August 8, 2013
David Pirillo, Nikita Rugg, Suzanne Swanson, Linda R. Hessley, and Richard Campbell, Appellants
Stephen Vanco, John Eggleston, and John Bortz, Commissioners of Warren County
Argued: June 17, 2013
BEFORE: HONORABLE MARY HANNAH LEAVITT, Judge HONORABLE ANNE E. COVEY, Judge HONORABLE ROCHELLE S. FRIEDMAN, Senior Judge
MARY HANNAH LEAVITT, Judge.
Appellants, David Pirillo, Nikita Rugg and Suzanne Swanson (Auditors) and Linda R. Hessley and Richard Campbell (Jury Commissioners) appeal an order of the Court of Common Pleas of the 37th Judicial District (Warren County Branch) (trial court) denying and dismissing their complaint for declaratory judgment. In this case we consider whether the County Commissioners of Warren County abused their discretion by reducing the Jury Commissioners' base salary and eliminating fringe benefits for all Appellants. Finding no error in the trial court's denial of declaratory relief, we affirm.
On December 7, 2010, the County Commissioners held a special public meeting for the purpose of adopting wage rates and benefits for the county's elected officials whose four-year terms commenced January 1, 2012. As reflected in the minutes of the meeting, the County Commissioners took the following actions:
Motion was made by Commissioner Terry L. Hawk, and seconded by Commissioner John R. Bortz, Jr. to raise the wages [for elected officials] 2.5% for 2012, 2% each year for 2013 through 2015 and benefits will follow the terms and conditions set forth in the collective bargaining unit in the department or office from which the elected official retires.… This is for all elected officials except for Jury Commissioners and Auditors. Motion carried.
Motion was made by Commissioner John R. Bortz, Jr., seconded by Commissioner Terry L. Hawk to raise the wages 2.5% for 2012, 2% each year for 2013 through 2015 and no benefits for Auditors beginning 2012. Motion carried.
Motion was made by Commissioner John R. Bortz, Jr., seconded by Commissioner Terry L. Hawk to pay the Jury Commissioners the minimum state mandated wage contingent on the class of county we will fall under once we receive the census information. This will be … $2, 000 per year for 2012 through 2015 if we remain a sixth class county and no benefits. Motion carried.
Reproduced Record at 44a (R.R.__). It is undisputed that Appellants all work less than 20 hours per week, which would make them "part-time" employees under the County Employee Handbook if they were county employees. Appellants are the only County officers who do not work a full-time schedule of 35 hours per week. None of the Appellants supervise other employees or work "on call".
Appellants filed a complaint for declaratory relief, arguing that the County Commissioners abused their discretion by increasing the salaries of all county officers except for the Jury Commissioners, whose salaries were reduced, and by continuing to provide fringe benefits to all county officers except for Appellants. Appellants sought a declaration that (1) as elected officers in Warren County, they are entitled to the same benefits as the other elected officers enumerated in Section 401(a) of the The County Code, 16 P.S. §401(a),  and (2) the base salary for Jury Commissioners should be reinstated to its 2011 level and be subject to the percentage increases granted to other elected officers beginning in 2012.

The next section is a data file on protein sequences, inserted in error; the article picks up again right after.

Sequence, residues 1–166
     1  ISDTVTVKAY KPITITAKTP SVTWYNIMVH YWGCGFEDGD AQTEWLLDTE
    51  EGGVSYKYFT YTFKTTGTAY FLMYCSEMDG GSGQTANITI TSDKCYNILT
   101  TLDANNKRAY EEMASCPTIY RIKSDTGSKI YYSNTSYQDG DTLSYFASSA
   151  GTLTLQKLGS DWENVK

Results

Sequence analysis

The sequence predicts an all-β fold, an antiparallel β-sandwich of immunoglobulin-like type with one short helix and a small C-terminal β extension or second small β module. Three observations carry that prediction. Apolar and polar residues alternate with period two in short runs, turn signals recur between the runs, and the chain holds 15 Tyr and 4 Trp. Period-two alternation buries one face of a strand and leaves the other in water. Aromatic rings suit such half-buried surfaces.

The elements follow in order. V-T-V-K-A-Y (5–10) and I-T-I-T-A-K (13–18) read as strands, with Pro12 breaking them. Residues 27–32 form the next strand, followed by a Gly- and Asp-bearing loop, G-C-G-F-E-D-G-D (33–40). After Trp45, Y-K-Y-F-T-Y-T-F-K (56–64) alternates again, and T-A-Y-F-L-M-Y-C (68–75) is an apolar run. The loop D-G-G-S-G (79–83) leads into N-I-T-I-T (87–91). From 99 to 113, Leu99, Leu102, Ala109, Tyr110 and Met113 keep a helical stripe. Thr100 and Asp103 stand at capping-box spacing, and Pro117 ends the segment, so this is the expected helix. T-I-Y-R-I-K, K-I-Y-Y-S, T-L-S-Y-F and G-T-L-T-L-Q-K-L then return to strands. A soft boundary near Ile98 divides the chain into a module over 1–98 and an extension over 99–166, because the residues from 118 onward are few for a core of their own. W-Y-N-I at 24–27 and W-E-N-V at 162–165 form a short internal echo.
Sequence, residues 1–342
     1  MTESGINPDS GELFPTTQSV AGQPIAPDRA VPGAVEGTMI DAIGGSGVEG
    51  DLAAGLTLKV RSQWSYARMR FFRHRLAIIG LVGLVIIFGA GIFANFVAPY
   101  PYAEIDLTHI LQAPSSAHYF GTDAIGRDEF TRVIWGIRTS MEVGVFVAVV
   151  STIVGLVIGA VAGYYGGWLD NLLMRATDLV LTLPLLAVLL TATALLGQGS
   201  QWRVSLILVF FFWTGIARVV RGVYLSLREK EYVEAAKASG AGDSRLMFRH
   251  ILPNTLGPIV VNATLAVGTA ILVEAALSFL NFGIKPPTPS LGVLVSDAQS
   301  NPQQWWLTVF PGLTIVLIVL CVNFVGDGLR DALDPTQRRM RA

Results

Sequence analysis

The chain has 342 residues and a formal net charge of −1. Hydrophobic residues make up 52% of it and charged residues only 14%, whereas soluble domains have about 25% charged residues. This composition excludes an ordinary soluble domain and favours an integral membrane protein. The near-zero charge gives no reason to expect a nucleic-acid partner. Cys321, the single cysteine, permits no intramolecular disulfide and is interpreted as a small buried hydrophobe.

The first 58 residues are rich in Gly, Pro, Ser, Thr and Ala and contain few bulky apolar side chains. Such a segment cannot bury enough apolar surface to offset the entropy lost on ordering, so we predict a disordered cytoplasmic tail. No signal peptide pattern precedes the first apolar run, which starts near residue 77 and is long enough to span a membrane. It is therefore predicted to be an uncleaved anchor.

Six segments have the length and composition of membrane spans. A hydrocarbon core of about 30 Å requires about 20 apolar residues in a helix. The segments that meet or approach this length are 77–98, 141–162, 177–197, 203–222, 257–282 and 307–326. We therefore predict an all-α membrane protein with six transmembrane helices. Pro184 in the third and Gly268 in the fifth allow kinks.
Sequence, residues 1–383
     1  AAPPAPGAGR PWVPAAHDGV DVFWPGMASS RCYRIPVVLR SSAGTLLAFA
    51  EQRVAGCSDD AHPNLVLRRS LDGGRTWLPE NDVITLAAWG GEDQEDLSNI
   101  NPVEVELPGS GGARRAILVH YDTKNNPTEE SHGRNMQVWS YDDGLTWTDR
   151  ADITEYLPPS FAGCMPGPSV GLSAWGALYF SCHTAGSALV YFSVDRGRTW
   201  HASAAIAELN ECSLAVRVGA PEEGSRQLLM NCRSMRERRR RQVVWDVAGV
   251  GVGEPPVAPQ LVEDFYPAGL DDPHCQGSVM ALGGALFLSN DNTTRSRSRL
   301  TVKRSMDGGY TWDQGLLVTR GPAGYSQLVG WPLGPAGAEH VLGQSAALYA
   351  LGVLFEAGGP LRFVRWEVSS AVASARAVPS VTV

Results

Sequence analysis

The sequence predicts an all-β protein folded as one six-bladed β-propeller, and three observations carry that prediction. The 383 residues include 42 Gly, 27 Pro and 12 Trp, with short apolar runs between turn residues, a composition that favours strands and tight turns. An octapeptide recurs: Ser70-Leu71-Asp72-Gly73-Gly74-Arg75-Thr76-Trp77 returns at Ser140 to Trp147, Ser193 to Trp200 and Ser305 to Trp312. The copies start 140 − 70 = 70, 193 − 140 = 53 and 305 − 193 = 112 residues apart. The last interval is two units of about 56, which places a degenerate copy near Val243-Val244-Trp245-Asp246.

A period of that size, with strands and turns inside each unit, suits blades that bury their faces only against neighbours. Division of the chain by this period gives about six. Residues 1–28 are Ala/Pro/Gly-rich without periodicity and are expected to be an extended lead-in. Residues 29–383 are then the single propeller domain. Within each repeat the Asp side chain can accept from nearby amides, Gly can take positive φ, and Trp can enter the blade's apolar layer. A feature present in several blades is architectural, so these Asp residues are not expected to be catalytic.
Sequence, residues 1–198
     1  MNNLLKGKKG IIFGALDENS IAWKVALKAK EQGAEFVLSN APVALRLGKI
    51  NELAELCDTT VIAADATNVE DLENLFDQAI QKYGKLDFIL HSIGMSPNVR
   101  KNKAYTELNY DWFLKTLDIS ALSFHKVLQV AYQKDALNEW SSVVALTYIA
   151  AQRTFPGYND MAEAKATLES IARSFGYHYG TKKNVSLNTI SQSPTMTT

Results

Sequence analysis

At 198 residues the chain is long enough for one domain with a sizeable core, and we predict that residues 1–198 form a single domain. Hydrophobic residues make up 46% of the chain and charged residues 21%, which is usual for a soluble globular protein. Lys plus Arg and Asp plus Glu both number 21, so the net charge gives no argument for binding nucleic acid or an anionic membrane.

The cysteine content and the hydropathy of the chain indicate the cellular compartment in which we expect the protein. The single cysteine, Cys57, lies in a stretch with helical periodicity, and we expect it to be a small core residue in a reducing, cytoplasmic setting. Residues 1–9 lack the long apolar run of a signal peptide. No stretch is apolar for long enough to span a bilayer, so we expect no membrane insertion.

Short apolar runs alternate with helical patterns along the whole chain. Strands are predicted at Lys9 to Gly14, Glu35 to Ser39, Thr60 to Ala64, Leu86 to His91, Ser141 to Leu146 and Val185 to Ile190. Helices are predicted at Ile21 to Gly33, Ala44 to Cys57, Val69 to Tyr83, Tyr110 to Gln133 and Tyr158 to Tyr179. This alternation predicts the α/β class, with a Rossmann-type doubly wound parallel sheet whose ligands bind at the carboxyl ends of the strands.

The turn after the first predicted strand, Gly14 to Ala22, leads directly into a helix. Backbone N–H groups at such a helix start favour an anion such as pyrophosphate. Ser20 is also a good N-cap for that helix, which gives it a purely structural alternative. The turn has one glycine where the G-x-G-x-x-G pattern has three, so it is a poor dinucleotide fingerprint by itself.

The trial court denied declaratory relief by order dated October 3, 2012. Appellants appealed to this Court and also sought reconsideration of the trial court's order. At a status conference, the County Commissioners stipulated that the Jury Commissioners would, in fact, receive the same percentage salary increases as other elected County officers beginning in 2012. The trial court denied reconsideration.
On appeal,  Appellants raise two issues for our consideration. First, Appellants argue that the County Commissioners abused their discretion by reducing the base salary of the Jury Commissioners. Second, Appellants contend that the County Commissioners exceeded their statutory authority under Section 1556 of The County Code, 16 P.S. §1556,  by eliminating Appellants' fringe benefits.
Beginning with Appellants' second issue, they argue that the trial court erred because the County Commissioners abused their discretion in eliminating Appellants' fringe benefits. Specifically, Appellants assert that the County Commissioners exceeded their authority under Section 1556 of The County Code, which states:
In addition to any other authorized compensation, county commissioners and other county officers and their dependents shall be eligible for inclusion in group life, health, hospitalization, medical service and accident insurance plans or other employe benefits, or payments made in lieu of such benefits, paid in whole or in part by the county, provided such plans, benefits or payments are offered generally to employes of the county.
16 P.S. §1556. Appellants contend that denying benefits only to them discriminates among similarly situated elected officials, which this Court held is impermissible in DeGeorge v. Young, 892 A.2d 48 (Pa. Cmwlth.), appeal denied, 588 Pa. 785, 906 A.2d 544 (2006). The County Commissioners rejoin that DeGeorge is distinguishable and that this Court's decision in Olson v. Sorg, 933 A.2d 677 (Pa. Cmwlth. 2007), appeal denied, 596 Pa. 756, 947 A.2d 738 (2008), is controlling.